Women in the atheism community, or lack thereof

Hello! I am a member of Freethought Fort Wayne, a small but rapidly growing freethought community in Fort Wayne, Indiana. We are pleased with our member base, but we are concerned about one thing: we don't have very many women. For the most part, we seem to fit the stereotype of the angry white 30-something male atheist.

Can anyone comment on this? Are women less prone to be atheists, or at least to actively engage in a community of atheists and secular humanists? I'd love to get someone's take on it -- maybe even — GASP — a woman. (-:

Tags: atheism, community, demographics, freethought, marketing, women

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Interesting points. Perhaps social pressures push women towards education paths and careers that do not foster or encourage critical thinking?
They absolutely do, Reggie. Even today, look at the toys commonly advertised for kids. Toys aimed at boys tend to be things like workbenches, trucks, 'spy' gear, military, etc. Ones marketed towards girls are Barbies, ponies, dollhouses, EZ-Bake ovens, etc. *

Despite the growth in equality in the past century, there are still underlying assumptions about gender roles in our society, and it will take time and effort to finally replace those assumptions with the assumption that anyone, regardless of gender, can go into any field they wish, be it physics, chemistry, math, history, literature, construction, cooking, homemaking, art, music, or whatever.


* - And neither group has much in the way of science-oriented toys anymore. Try finding a decent chemistry set for kids these days.
Even if there was a huge American upheaval and the toys geared towards girls changed, they would still be socialised by their mums and other people who haven't evolved out of the traditional gender role nonsense. If you look at not just toys but television, games and even books, there is this subtle underlying "pull" for women to distract themselves with frilly, meaningless things. It's a distraction; women aren't socialised to be constructive.

Scientific thought, for this reason, becomes a casualty in raising a daughter, unless one actively exposes her to science.
Very true, Emekan. I was just using the toys as a single example of how society 'nudges' people in certain directions. Naturally, there's much more to it that just what toys kids play with. The toys themselves are just a manifestation of the underlying assumptions and socialization.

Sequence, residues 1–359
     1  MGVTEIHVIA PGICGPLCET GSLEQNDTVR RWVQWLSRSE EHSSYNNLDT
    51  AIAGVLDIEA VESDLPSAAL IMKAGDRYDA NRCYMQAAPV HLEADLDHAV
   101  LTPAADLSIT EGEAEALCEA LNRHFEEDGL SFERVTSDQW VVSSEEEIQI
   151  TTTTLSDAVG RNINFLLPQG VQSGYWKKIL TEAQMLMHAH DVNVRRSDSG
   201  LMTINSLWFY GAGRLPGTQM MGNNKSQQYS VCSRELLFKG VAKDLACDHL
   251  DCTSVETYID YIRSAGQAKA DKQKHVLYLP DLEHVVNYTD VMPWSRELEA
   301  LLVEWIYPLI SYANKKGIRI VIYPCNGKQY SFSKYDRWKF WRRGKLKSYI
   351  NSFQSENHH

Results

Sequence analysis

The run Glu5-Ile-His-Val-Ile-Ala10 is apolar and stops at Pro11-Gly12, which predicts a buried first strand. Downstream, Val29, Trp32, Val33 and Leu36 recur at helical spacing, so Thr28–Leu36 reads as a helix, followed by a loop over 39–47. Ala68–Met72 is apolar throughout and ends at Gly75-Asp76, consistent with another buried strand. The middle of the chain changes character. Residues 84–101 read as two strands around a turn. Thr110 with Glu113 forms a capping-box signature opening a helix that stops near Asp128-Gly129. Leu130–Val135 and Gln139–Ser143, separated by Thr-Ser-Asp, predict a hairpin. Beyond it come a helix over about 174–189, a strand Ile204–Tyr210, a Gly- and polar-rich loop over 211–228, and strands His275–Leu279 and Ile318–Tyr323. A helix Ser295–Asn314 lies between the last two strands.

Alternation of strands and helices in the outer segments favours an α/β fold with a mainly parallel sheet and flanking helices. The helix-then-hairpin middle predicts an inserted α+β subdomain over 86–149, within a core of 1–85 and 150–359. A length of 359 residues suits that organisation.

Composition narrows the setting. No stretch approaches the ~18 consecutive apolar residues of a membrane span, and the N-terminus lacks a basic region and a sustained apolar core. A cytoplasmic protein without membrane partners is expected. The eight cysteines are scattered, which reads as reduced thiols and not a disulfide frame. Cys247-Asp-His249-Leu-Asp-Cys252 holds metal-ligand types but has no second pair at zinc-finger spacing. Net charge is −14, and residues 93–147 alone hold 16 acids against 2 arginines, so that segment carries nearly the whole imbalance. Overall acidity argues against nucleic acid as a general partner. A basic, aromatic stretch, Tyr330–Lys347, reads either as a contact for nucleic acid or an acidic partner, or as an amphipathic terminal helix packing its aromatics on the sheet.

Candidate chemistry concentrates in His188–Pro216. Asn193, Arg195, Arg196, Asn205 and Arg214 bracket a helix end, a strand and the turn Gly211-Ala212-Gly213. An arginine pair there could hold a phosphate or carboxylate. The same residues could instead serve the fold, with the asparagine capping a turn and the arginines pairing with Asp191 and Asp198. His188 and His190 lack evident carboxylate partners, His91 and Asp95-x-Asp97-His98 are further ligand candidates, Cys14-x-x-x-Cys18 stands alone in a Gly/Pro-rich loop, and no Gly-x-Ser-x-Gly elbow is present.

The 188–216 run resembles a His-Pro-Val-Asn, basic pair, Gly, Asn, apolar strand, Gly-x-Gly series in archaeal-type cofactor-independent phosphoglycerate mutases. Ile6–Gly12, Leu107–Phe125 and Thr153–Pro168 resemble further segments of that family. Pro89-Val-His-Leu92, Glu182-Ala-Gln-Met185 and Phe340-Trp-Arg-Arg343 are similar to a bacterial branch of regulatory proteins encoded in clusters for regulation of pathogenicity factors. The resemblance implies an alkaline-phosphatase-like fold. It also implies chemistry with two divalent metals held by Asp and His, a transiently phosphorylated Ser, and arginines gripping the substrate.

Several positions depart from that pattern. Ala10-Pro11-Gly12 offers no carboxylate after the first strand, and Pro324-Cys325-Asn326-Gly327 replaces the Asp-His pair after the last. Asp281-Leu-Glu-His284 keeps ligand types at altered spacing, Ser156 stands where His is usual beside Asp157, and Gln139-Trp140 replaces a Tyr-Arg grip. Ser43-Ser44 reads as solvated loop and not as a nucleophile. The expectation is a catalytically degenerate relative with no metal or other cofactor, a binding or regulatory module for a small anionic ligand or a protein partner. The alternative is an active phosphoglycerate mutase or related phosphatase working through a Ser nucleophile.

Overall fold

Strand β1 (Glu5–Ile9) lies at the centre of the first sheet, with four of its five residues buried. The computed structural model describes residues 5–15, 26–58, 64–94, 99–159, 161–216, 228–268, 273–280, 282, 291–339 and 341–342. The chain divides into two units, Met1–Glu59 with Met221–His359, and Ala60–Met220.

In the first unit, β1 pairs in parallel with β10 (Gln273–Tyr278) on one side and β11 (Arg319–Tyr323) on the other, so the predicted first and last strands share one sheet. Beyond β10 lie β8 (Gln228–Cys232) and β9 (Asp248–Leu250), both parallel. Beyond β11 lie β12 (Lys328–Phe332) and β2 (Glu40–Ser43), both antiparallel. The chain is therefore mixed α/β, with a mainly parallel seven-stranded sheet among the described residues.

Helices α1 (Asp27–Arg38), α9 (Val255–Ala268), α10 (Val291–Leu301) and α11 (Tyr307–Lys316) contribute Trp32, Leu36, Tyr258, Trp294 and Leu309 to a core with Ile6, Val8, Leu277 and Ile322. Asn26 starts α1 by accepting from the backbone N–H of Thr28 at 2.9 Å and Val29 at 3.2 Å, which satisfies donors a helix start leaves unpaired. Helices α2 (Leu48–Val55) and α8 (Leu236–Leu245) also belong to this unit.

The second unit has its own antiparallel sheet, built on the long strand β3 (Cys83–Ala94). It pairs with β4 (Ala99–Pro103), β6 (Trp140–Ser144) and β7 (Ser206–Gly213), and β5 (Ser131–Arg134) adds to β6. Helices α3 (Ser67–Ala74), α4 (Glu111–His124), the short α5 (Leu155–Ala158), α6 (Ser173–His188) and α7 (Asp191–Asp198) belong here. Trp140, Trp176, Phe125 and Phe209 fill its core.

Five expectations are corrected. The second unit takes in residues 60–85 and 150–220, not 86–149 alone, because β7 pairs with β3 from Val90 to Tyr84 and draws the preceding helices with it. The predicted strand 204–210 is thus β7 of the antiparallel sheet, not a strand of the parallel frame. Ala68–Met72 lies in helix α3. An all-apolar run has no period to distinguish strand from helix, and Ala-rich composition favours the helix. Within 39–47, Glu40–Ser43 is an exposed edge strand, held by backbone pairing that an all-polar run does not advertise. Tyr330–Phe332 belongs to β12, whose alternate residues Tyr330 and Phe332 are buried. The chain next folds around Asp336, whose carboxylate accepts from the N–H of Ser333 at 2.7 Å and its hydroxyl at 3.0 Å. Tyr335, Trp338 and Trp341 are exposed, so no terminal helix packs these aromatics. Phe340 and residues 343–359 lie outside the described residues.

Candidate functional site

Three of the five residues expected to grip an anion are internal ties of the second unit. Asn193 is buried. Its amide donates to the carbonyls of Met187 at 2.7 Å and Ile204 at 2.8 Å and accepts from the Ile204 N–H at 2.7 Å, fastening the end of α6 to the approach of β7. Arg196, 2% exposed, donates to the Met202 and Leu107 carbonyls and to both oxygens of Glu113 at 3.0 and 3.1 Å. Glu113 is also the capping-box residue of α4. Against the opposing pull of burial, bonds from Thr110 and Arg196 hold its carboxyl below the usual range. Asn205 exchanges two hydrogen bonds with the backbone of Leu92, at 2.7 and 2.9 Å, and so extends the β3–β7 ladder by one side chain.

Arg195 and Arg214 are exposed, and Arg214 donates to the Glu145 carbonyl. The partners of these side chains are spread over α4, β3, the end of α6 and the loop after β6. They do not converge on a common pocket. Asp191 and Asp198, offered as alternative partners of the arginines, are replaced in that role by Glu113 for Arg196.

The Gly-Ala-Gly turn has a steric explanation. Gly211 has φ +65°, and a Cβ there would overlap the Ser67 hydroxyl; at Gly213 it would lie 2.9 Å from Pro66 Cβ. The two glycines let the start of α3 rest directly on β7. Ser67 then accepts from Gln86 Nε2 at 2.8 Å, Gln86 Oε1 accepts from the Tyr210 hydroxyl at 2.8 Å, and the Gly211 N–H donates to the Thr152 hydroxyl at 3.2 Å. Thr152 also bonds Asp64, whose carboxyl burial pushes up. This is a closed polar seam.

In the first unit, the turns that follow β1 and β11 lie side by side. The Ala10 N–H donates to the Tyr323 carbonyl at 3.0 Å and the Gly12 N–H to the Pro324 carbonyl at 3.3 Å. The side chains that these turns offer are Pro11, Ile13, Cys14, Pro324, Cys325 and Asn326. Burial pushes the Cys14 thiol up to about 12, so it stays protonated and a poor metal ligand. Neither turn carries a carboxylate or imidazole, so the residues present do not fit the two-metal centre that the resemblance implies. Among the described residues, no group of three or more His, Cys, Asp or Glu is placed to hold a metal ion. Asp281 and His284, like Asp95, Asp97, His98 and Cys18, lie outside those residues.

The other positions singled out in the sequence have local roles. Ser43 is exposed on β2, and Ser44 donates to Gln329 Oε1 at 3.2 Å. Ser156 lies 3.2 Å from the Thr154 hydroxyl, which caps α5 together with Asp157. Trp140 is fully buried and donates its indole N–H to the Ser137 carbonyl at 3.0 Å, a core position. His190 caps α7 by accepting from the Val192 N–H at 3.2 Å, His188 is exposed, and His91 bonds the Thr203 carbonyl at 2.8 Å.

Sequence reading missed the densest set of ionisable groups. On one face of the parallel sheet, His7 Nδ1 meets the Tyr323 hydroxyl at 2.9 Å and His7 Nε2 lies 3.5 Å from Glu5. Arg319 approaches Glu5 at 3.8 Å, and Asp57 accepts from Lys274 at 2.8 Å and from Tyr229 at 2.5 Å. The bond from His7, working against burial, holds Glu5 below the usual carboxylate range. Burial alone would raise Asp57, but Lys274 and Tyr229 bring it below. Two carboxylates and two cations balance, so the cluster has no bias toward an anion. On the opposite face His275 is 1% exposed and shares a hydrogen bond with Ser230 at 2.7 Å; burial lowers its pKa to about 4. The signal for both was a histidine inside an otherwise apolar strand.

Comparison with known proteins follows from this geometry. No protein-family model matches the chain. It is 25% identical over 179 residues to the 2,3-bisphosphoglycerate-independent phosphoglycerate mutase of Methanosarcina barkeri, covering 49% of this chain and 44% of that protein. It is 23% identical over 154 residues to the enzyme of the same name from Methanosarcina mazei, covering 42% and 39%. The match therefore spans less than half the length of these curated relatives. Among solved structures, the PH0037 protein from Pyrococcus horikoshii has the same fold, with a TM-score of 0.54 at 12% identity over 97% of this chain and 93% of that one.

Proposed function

Very true Emekan and Dave. Now the big $64 million dollar question is: "How to we educate the parents so that they educate their children to encourage more girls thinking about math or the sciences and so that little girls will be more socially equipped to thrive in the "aggressive/competitive/masculine" disciplines of math and science?"

Education begins in the home. If parents are not equipping girls with the same "stuff" that they equip little boys as far as how to learn math or science, what can we do?
There would be heavy resistance. "But I used to play with Easy-Bake ovens as a child, and I pretended to be a bride when I was little! I want my child to have the same experience!"

Parents are supposed to expose their children to the rules and ideas of the dominant culture...those ideas get hammered in at school. I'd be all for altering pre-school and kindergarten classes. Educating parents on educating their daughters would only work in an area in which the parents were very, very involved. If that's the case, holding parent-child seminars of sorts might do the trick. My mum brought in science experiments on some days during pre-k, and parents would come in and experiment right along with their children. Perhaps that approach is useful?
In the US, parental involvement is a luxury available to parents who are middle/upper class — not the poor and not those who are working two or three minimum wage jobs each just to barely afford food, clothing, and housing (nevermind health and dental care!).
Correct. For this reason, I could only see a school-based programme being effective for all socioeconomic classes.
That would be really great if we could manage to pull it off. Our education system has really suffered due to the geopolitical influence of the Religious Wrong in America. It's a train wreck that has been in the making over the last 20 years or more.
A greater emphasis on science in our schools would be a boon across the board. The current trend towards de-emphasizing science (not just for girls but overall) can only hurt our future and the future of the children who are supposed to be getting an education.

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